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The government filed an appeal Friday with the Supreme Court against an April 27 Osaka High Court ruling that found the state failed to act to prevent mercury poisoning and ordered it to pay damages to victims of Minamata disease.

“The government has addressed the Minamata disease problem to the full extent of its available powers during the issue’s long history. It cannot accept the ruling that the state should compensate the plaintiffs for failing to exercise its power under two water quality laws in force at the time, nor the interpretation and application of these laws, which is the basis for this judgment,” Environment Minister Yoriko Kawaguchi said.

“After reviewing the contents and significance of this ruling, and careful consideration of the effect on the government, we (in consultation with the Justice Ministry) reached the conclusion that there is a need to appeal the decision to the Supreme Court,” Kawaguchi said.

On April 27, the Osaka High Court overturned a 1994 Osaka District Court ruling and found the state, Kumamoto Prefecture and Chisso Corp. guilty in the case.

The court ordered the central government, the prefecture and the chemical company to jointly pay damages of 320 million yen to Minamata disease victims.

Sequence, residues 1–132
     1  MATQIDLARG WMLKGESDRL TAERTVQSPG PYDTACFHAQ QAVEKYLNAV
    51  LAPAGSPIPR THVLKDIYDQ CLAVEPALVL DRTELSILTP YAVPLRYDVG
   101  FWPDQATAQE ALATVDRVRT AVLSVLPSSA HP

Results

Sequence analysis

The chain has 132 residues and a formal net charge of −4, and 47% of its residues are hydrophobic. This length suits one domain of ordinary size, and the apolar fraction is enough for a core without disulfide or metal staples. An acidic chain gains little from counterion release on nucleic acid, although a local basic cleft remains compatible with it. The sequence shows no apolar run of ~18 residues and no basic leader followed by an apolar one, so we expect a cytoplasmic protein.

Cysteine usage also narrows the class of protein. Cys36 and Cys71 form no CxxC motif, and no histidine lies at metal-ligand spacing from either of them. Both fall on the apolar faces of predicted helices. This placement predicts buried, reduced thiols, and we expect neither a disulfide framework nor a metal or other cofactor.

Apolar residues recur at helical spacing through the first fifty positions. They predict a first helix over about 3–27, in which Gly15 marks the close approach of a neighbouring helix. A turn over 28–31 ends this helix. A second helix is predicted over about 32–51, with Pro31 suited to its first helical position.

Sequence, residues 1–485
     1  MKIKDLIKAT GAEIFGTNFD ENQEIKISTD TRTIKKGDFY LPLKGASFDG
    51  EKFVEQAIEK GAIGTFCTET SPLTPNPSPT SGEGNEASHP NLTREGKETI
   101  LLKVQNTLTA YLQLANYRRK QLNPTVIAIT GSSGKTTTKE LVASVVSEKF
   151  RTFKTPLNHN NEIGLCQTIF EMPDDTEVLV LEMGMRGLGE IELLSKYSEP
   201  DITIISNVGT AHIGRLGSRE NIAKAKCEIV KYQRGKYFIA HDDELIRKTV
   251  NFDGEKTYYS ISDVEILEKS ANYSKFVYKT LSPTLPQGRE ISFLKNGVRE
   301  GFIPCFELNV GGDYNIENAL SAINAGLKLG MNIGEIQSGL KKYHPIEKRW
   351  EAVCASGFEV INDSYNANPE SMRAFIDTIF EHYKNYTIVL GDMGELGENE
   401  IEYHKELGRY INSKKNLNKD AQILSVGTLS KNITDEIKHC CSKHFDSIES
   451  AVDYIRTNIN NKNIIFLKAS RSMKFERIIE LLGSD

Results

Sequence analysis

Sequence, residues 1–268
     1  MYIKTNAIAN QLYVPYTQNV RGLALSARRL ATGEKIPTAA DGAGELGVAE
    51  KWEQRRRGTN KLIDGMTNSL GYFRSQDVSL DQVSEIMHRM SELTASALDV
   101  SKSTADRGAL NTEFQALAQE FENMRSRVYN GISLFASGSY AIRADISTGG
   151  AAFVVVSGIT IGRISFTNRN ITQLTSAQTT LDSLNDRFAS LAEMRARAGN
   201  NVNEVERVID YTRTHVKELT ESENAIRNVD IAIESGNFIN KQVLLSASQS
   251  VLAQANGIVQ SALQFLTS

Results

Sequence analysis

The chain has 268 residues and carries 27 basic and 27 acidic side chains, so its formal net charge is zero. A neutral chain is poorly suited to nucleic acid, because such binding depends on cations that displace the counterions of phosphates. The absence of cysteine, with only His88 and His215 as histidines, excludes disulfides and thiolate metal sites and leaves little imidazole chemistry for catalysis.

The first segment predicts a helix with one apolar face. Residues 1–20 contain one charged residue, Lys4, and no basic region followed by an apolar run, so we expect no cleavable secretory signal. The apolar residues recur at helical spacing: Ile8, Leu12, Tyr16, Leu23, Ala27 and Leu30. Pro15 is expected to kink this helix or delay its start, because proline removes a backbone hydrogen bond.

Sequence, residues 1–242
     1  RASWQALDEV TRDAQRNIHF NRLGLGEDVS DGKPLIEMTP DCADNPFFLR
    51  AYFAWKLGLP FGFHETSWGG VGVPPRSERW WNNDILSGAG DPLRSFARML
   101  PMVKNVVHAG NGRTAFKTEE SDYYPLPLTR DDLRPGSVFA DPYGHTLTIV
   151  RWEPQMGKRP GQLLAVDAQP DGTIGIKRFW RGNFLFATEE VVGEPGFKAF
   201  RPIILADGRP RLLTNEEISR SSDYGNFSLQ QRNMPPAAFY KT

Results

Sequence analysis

Thirty-eight people suffering from the disease as well as families of 20 deceased Minamata victims are seeking 1.9 billion yen in damages from the governments and Chisso.

The Kumamoto Prefectural Government also appealed the case to the Supreme Court on Friday. Meanwhile, Chisso Corp. decided to accept the high court ruling.

Although the amount of compensation granted to the victims by the high court was much smaller than they had demanded, the plaintiffs have welcomed the court’s recognition of the state’s liability.

Asked about the poor health of the plaintiffs involved in the 19-year-old suit, Kawaguchi said she feels sorry for them and hopes deliberations will be expedited.

Most of the plaintiffs, who previously resided in Kumamoto and Kagoshima prefectures but later moved to Osaka and other parts of western Japan, are in their 70s.

After hearing that the state would appeal, representatives of the plaintiffs expressed strong indignation.

Akira Iwamoto, deputy head of the group, said, “It is deeply regrettable.

“I think the government considers us insignificant people who count for nothing,” Iwamoto tearfully said at the Osaka District Court.

Toshiyuki Kawakami, head of the group, said, “I want to tell (those in the government) they are murderers.”

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